Peiqui Gu was arrested in China along with her mother for talking about Falun Gong. The police threatened to abduct her from school and place her in detention. “Nobody was willing to help us… So, I feel that the whole family had collapsed,” Gu said.

“Then they figured out that only my mom and I practiced [Falun Gong], and [so] they released my aunt’s whole family.”

The arrest happened as a result of Gu and her mom giving out free DVDs to resort shop owners. The DVDs had information dispelling propaganda ploys by the government-controlled media to turn the public against Falun Gong.

Mom and daughter also talked to a shop owner about their personal experiences of becoming healthy and better people by living by truthfulness, compassion, and tolerance.

At the police station, Gu’s mom refused to tell the police where they had gotten the DVDs they were passing out. The police then “start to threaten my mom that they would stop my education and ruin my future,” Gu said.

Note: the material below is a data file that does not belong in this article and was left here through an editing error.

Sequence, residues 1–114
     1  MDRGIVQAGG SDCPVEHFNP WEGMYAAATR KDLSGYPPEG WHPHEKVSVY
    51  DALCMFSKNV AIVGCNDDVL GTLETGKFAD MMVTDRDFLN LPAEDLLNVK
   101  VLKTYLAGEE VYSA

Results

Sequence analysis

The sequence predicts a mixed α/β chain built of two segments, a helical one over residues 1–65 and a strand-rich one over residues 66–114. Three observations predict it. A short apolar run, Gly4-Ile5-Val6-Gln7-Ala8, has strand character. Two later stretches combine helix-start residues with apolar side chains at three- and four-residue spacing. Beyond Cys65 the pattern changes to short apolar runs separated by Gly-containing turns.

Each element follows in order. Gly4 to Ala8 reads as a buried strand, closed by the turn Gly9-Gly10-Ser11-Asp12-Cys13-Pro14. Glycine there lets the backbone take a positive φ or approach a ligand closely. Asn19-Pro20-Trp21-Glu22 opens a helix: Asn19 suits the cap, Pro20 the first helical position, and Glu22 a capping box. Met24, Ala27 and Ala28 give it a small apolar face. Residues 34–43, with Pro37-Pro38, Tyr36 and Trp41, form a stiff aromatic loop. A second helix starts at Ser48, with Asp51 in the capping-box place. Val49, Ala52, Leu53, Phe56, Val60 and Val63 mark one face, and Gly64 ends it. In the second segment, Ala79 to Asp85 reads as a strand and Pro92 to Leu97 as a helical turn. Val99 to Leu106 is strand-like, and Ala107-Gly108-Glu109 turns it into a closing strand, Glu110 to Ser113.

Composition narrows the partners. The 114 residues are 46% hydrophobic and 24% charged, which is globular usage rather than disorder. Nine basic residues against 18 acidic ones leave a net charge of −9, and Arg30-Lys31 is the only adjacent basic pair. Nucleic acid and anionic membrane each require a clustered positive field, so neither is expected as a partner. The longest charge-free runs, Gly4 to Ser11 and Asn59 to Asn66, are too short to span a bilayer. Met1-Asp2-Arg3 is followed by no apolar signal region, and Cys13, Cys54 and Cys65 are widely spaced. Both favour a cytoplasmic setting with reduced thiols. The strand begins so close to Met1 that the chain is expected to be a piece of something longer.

After 48 hours in the police station, “they sent my mom to a detention center, and they asked my dad to take me home. The police … told my dad, who is not a [Falun Gong] practitioner, to take care of me because I [now] have a criminal record in the police system, and that if I ever do that [again]… I would definitely be arrested and they would stop my college education.”

“It was the first time I [had] ever seen my dad so desperate,” Gu said.

The threats were also hard on her mother. “My mom thought of killing herself because if they would stop my education, my mom could not forgive herself,” Gu said.

Gu’s dad reassured them that everything would be okay. He decided to ask if he could take her place if Gu should go to jail, then her studies would not be interrupted.

Impact on the Family

Historically, the communist regime instills fear that can pit parents and children against each other as well as other loved ones. The fear is well founded.